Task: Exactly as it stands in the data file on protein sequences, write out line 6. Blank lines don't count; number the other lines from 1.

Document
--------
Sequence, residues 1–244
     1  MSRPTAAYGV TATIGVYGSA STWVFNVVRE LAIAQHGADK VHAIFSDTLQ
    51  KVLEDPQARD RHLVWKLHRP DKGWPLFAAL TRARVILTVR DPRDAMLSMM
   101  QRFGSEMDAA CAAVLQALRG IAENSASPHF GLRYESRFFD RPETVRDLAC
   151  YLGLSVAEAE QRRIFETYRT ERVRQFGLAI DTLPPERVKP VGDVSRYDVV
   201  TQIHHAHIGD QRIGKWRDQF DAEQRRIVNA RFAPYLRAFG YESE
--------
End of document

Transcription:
   201  TQIHHAHIGD QRIGKWRDQF DAEQRRIVNA RFAPYLRAFG YESE